That one word stirs a myriad of feelings for every living being. To some, it embodies evil. To others, it is just another word for sadness. For us, it means life. But in the end, it is still just a word. Make your own judgment as to its connotation.
From our birth into this un-death, we have worshipped the night. We spend our days hidden away from the sun's harmful rays, thinking only of the night to come and begging for its speedy return. We play games within the night's black tendrils. It caresses our skin like a lover's touch. We are one with the night. We are but children appealing to the maternal nature of the night's airy kiss.
We feed, play, love and live an eternity that few know exist and fewer still could fathom. We exist, fearing nothing but the embrace of Ra, whose touch is one of the few things in this world that can harm us. This is not to say that we don't have our fair share of problems; the life of an immortal is still a life influenced by the world around us. As with any sentient being, life has a way of serving us as many trying times as it does the good ones.
The vast majority of us are not evil. Nor are we bottom feeders attacking anything that moves in our vicinity. We do sustain ourselves on the blood of mortals, but we are very particular about the humans we feed upon. For the most part, we only take those who wish to die, and when we do feed, their deaths are quick and merciful. Most meet their end in a state of ignorant bliss. There are those of my kind who don't take the lives of their meals at all. There are clans, even entire covens who keep stables filled with humans for the sole purpose of sustaining the brood. I find this method to be a bit too inhumane for my taste. Would it not be better to have a quick release from your suffering than to live out your years in a darkened basement, waiting for the next visit from your owners?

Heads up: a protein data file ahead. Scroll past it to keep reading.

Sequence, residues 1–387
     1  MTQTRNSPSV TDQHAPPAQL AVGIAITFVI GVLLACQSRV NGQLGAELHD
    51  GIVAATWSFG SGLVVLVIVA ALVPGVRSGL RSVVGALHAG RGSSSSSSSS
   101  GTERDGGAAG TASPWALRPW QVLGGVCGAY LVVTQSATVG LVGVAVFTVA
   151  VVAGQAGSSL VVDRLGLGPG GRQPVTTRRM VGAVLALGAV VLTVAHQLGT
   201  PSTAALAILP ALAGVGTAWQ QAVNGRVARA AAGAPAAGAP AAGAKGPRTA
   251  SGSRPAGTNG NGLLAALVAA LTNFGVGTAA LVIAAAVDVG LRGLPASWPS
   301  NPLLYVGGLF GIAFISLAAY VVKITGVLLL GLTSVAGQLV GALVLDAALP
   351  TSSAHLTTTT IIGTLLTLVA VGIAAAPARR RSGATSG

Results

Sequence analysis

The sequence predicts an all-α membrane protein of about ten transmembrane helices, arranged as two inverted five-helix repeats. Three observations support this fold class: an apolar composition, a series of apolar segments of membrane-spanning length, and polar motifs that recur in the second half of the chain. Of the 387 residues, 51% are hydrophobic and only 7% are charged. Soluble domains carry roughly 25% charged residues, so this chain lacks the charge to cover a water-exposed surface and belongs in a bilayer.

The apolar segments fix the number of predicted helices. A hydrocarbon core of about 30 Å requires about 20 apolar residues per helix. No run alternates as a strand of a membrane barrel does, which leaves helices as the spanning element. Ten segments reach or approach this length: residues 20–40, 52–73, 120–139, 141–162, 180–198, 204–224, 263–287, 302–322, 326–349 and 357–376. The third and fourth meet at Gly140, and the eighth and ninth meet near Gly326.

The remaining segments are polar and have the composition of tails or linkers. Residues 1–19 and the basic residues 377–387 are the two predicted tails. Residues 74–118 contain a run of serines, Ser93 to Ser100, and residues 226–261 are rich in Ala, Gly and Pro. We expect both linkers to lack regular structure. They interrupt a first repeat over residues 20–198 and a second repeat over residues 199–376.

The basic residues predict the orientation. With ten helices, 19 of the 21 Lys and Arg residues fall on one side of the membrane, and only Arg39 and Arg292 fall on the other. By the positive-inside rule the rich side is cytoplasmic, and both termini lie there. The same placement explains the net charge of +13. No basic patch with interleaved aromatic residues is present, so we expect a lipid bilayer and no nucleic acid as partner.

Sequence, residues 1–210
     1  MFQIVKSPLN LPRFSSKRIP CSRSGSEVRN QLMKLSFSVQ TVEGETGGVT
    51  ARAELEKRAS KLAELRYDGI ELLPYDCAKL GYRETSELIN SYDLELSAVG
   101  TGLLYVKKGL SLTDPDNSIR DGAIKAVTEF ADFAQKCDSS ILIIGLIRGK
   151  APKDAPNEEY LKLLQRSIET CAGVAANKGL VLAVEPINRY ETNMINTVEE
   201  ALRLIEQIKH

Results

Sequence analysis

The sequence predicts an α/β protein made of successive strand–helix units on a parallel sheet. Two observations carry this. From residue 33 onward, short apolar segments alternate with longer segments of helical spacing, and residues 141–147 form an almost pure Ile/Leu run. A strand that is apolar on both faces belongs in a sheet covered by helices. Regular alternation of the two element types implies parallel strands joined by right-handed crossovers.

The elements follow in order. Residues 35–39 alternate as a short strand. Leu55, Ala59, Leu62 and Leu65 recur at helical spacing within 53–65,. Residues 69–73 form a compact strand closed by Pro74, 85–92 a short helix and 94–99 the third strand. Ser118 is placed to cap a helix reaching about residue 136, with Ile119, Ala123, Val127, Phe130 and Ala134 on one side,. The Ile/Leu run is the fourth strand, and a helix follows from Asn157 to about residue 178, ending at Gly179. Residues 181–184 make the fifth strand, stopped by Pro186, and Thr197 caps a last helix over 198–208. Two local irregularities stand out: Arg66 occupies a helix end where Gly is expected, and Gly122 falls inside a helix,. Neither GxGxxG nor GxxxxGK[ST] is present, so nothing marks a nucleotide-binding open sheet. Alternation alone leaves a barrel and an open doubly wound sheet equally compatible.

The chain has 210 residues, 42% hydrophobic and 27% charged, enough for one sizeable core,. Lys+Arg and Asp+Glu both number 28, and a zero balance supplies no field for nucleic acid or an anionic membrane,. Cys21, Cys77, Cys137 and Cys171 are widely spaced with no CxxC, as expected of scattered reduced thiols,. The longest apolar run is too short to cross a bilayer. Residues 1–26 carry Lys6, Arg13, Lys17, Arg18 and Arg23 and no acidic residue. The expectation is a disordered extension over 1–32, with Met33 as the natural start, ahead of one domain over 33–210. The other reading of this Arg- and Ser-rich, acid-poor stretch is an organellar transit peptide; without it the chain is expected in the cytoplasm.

We do not surround ourselves with graves or the fetid remains of our victims. Nor do we wish to destroy the world in a bloody rage. In fact, we fully appreciate the beauty of the world mortals have built around us. How could we not? After all, were we not human once ourselves?
Just as our strength and speed have increased, our capacity to love and remorse have grown a hundred-fold. None who are mortal have an inkling of how love and sorrow really feel. I have wept at the splendor of the night and loved a woman with my cold heart in such a way no human mind could imagine, let alone endure its intensity. The things I see and the voices I hear would leave a mortal cowering in insanity, begging for a merciful release from the constant bombardment of his senses.
We live amongst you, imitating your lifestyles and admiring your achievements. We see better than mortals, in both the literal and philosophical sense. We spend much of our time watching over you like guardian angels. We give advice and discourage ideas that may lead to the downfall of humankind. We are not always successful, but we always try.
The following account is about the life and death of Kanati Harjo. He was born nearly two hundred years ago in South Carolina, and this is his story. Before we begin, I should set the stage so you might better understand the world as he knew it.